My worry is that big companies will worry more about the profits they make from finding this cure than they will about the cure itself. It should be government and private industry funded and research should be freely shared. Working together creates cures.

Jeffrey W.
Jeffrey W.7 years ago

Obviously, the right to develop treatments from a genome can be owned. It's that ownership that you are complaining about.

And every one of you has missed the point that without the huge investment to identify that genome's relationship to that cancer, nobody would be able to develop the cure. And without the ownership of that right to development, nobody would ever make the investment that found it.

The fact is, free enterprise did find that genome's relationship, and free enterprise now fuels the development of a cure. Works pretty well, really.

Carol H.
Past Member 7 years ago

Everything is bottom line can just imagine how many doctors would lose their jobs?

Glenna Jones-kachtik
Glenna Kachtik7 years ago

A genome can't be owned. It is not intellectual property. Science is meant to be discovery and you must use the work of others to discover. How will it slow research down if others have access to the genomes?
Research companies tend to get greedy. Soon, they are just working for the money, the prestige, the fame...
This is the same thing with pharmaceutical companies - take Singualair for instance. There is a generic form of it; but only some hospital pharmacies (and probably the VA) can bargain for it and get it. My last monteklaust prescription at a University Hospital pharmacy with my CareLink card $2.00 for a 30 day supply. At Costco (which is great on most prescriptions) a 30 day supply of Singulair? $116.32. Now, tell me how that is fair?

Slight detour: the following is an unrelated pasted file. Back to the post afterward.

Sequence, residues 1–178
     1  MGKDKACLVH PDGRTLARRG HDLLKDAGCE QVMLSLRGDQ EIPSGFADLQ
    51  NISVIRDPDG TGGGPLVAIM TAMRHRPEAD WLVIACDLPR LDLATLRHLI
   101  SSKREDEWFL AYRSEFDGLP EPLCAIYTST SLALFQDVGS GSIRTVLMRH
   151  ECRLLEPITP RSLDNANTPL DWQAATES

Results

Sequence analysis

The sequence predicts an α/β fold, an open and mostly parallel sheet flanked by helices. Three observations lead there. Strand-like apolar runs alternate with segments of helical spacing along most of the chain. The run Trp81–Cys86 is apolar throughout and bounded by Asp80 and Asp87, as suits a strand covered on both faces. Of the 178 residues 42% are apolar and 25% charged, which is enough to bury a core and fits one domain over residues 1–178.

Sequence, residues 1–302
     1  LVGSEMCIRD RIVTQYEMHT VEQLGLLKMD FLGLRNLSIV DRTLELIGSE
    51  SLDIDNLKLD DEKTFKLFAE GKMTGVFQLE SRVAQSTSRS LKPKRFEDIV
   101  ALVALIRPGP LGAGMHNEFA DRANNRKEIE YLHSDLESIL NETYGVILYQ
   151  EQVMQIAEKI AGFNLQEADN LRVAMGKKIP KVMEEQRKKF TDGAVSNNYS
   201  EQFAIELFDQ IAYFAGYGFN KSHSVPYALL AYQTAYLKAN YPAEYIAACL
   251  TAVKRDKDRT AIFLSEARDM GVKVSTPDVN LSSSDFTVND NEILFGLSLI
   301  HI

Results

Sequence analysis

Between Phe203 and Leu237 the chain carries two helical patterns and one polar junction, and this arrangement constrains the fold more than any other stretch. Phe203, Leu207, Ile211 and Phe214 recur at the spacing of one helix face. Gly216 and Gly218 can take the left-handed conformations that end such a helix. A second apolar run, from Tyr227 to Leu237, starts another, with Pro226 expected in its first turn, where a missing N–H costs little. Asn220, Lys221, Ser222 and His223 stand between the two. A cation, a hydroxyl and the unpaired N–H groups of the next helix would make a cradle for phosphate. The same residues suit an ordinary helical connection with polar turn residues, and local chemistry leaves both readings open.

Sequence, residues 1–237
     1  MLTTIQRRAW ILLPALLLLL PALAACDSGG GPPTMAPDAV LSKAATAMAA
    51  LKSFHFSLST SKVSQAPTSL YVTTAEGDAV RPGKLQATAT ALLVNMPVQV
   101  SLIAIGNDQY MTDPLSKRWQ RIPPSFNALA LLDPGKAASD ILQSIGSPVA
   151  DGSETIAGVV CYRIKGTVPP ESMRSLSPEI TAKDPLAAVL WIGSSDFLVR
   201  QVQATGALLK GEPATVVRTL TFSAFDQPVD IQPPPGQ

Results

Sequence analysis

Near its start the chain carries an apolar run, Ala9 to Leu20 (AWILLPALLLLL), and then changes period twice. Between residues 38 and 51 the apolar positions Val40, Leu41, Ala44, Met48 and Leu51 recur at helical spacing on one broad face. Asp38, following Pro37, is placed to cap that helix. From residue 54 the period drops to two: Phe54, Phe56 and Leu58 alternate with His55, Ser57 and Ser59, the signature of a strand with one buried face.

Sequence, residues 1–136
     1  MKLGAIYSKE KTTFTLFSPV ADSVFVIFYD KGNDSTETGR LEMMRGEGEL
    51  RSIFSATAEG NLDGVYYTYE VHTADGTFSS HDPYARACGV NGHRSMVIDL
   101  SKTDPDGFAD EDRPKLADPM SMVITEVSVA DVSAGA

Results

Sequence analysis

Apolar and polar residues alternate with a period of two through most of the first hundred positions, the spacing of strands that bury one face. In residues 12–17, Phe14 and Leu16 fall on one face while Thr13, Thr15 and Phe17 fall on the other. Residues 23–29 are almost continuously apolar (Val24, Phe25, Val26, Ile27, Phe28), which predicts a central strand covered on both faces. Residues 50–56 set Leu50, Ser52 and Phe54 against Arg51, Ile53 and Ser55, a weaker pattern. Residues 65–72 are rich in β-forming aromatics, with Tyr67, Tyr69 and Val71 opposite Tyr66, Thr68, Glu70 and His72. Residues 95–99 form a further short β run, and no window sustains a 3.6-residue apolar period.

We need a cure for cancer and all the other diseases mentioned - it makes sense that this should not be just farmed out to 1 company or 2 guys... I think the opposite would be true if the ACLU wins; That cures might come about faster.

Shirley H.
Shirley H.7 years ago

Sounds to me like GREED is playing a big factor here.
Shirley H.

Carl Mumm
Carl Mumm7 years ago

The fact is, cancer is caused by carcinogens, not genes. It is certainly true that these companies are claiming ownership of things that have no right to be owned. However, even people with a stake in believing genes are responsible for cancer, the researchers and "owners," themselves, admit that these genes may be responsible for a fraction of cancer cases, usually much less than 10% in any given area of the body. But the science that insists on even these small numbers is flawed. We need to reread Rachael Carson and pin the blame of this preventative escalation of cancers where it belongs: on industry and its toxins.

Carl Mumm
Carl Mumm7 years ago

The fact is, cancer is caused by carcinogens, not genes. It is certainly true that these companies are claiming ownership of things that have no right to be owned. However, even people with a stake in believing genes are responsible for cancer, the researchers and "owners," themselves, admit that these genes may be responsible for a fraction of cancer cases, usually much less than 10% in any given area of the body. But the science that insists on even these small numbers is flawed. We need to reread Rachael Carson and pin the blame of this preventative escalation of cancers where it belongs: on industry and its toxins.

Paula O'malley
Paula O'Malley7 years ago

As stated in the article, patents are only meant to protect intellectual property. I completely agree that a company or individual should have control over their own ideas. However, to lay claim to the actual genes discovered is simply ludicrous. If Sir Isaac Newton had patented his discovery of "gravity" and the world was denied the ability to run experiments on it's nature, the world would have lost some of it's most technological advances. How would airplanes have come to be? Honestly, if the discovery of genes in the human body gives someone ownership over them, and can deny the world the ability to study them, how can we honestly say that we have control over our own person. I believe this concept is not only morally objectionable, but also dangerous. Honestly, how dare someone tell me I cannot investigate the workings of my own body, my own cells? Who made these people God?